on the US tour but they banned him because according to Claude Harmon he was just too good.
And today almost nobody ever places Locke even close to the first 20 or so greatest players which is
ridiculous.    Locke still holds the record of the beating the field by the most strokes: 16  Still. 

stevemcgee99 says:

8:00 – Player's stance – I've had pros tell me to move my right foot up because my aim was off.  Looks like Player doesn't have a problem.

brianstacync says:

first time ever watching your videos.  nice work, enjoyed it

as a 10 handicap, weekend hacker, never had a lesson, maybe I can get better

jp5150vh says:

Gary Player was offered $ 9000 for a contract with First Fight which he took. Pryor to that he'd made an agreement with Hogan to play Hogan clubs. Player didn't have a lot of money so he took the $9000 and went with First Flight . This pissed off Hogan . First Flight folded so Player went to Dunlop. Mr. Player told me personally that his biggest regret in golf was that he didn't go with Hogan. As he told me this he got a little emotional. Player said that he would have won more majors and been better if he would've played Hogan clubs and had Hogans advice. To this day, Mr. Player is still affected personally by this decision.

Tom Greenwood says:

Gee,Wayne, looks like he drops down on the inner circle.  Hmmm

R Z says:

you can see the ball fading at around 7:50, pretty cool, maybe thats why he was so off balance. Probably to get a desired fade.


Wayne, awesome stuff. Player's swing is the best. i would love another video on him. Keep up the good work.

Mark P

jcrown7 says:

impact and his release style, he worked out (well before trackman etc.) how to shape the ball and the proper way as he couldn't rely on today's light, bendy, upright gear. he also counter-rotates his forearms in the fist bit of the downswing in order to shallow the plane and drop his right elbow. a la sergio. i think you talk about this in your comparison video with sergio.

jcrown7 says:

strong post impact pivot. when you see all the "swinging left" and "new ball flight laws" these days, the players in the 30's to 90's (pre tiger and nike (WTF) clubs) instinctively new about how to shape the ball and the release the club. even though some of the oldies will tell you that to draw the club face should be closed at impact (ie wrong), they still new that the entry had to be from the inside and thus more in to out relative to the face. my point is, by looking at his club exit post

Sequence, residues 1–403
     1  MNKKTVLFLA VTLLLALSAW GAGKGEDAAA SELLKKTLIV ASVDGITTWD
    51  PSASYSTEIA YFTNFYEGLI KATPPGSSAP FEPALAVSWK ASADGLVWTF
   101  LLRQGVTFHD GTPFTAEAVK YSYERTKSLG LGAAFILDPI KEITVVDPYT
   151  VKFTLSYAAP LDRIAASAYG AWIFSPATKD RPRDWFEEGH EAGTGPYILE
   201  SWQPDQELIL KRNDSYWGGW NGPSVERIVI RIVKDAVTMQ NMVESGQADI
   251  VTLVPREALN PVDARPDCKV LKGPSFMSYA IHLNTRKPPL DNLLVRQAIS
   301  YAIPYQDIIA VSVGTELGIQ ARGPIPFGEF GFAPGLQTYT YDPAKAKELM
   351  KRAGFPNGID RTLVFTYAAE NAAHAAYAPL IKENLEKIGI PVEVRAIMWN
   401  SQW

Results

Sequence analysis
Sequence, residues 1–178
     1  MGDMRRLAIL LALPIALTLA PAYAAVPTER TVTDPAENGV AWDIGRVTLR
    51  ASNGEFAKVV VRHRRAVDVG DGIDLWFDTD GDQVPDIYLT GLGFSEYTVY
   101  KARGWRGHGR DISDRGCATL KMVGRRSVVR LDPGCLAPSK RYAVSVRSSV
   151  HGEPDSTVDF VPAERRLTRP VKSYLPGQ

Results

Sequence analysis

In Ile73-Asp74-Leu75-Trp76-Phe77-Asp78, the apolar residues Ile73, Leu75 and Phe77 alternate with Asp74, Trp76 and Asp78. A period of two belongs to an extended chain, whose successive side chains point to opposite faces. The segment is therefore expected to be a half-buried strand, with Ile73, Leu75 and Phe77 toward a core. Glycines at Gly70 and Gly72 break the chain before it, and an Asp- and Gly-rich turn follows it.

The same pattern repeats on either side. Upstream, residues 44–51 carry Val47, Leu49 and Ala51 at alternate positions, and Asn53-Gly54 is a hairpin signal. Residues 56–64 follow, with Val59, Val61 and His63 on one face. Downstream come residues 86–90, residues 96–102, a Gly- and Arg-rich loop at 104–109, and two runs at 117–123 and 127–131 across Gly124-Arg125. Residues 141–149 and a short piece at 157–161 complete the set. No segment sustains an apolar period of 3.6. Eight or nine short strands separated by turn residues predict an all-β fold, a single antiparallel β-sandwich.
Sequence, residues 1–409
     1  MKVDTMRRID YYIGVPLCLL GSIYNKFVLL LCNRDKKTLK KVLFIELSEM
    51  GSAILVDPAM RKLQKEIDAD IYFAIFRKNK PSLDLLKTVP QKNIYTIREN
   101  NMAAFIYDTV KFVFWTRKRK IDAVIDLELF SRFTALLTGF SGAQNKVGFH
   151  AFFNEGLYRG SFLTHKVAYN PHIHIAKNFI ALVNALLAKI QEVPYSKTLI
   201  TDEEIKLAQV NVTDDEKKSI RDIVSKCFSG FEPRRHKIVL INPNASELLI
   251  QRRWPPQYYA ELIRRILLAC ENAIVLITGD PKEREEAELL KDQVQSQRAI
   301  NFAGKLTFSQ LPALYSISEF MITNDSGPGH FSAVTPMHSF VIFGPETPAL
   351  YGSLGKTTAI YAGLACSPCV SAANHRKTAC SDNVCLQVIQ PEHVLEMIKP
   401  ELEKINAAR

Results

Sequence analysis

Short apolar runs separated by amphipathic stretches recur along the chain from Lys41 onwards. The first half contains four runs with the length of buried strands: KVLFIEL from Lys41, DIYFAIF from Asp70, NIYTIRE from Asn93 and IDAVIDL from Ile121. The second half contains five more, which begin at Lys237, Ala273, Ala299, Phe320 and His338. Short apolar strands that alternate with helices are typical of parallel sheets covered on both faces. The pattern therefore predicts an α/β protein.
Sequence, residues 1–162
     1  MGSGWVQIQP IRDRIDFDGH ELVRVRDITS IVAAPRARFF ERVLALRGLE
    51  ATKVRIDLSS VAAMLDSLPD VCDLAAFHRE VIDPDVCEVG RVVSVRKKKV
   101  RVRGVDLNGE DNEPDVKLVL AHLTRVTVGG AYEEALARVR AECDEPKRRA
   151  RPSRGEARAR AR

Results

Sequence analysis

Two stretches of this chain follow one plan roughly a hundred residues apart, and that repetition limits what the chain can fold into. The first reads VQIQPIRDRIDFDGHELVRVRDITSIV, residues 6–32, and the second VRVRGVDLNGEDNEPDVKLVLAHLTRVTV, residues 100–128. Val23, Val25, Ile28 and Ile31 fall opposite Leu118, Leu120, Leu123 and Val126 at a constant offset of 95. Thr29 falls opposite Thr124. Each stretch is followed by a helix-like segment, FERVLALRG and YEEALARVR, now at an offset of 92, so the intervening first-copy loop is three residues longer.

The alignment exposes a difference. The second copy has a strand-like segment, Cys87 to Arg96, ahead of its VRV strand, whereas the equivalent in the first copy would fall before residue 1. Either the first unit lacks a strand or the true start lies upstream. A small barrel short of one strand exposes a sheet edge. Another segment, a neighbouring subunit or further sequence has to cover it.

jcrown7 says:

needed for the ball not to go left. imagine an underplane (hook) entry and a no roll / pivot outracing the club head exit – you create opposing forces and a straight (well not left shot). you also create an extra source of power by accelerating to the finish (when the club is vertical, not the final loopy bit). the equipment from this era was heavier, stiffer and often flatter, therefore resulting in shallower / deeeper / more rotary swings and in order not to hook the ball you had to have a

jcrown7 says:

good analysis wayne. i think you should look at john erickson and brad hughes stuff, which would nicely complement what you talk about. I think you miss talking about the opposing forces here, the hinged (no roll) release while maintaining loft on the club face, the shallow entry on longer clubs, the great rotary aspect of his swing and the post impact pivot acceleration (although i did hear you mention once about his left shoulder moving back fast). what this does is create the opposing force

TheXELURST says:

yes Mr Hogan took no prisoners,Mr Player said the best ever,I personally watched Gary hit shots for over an hour and never missed a shot!,you don,t win all those tournaments thru luck!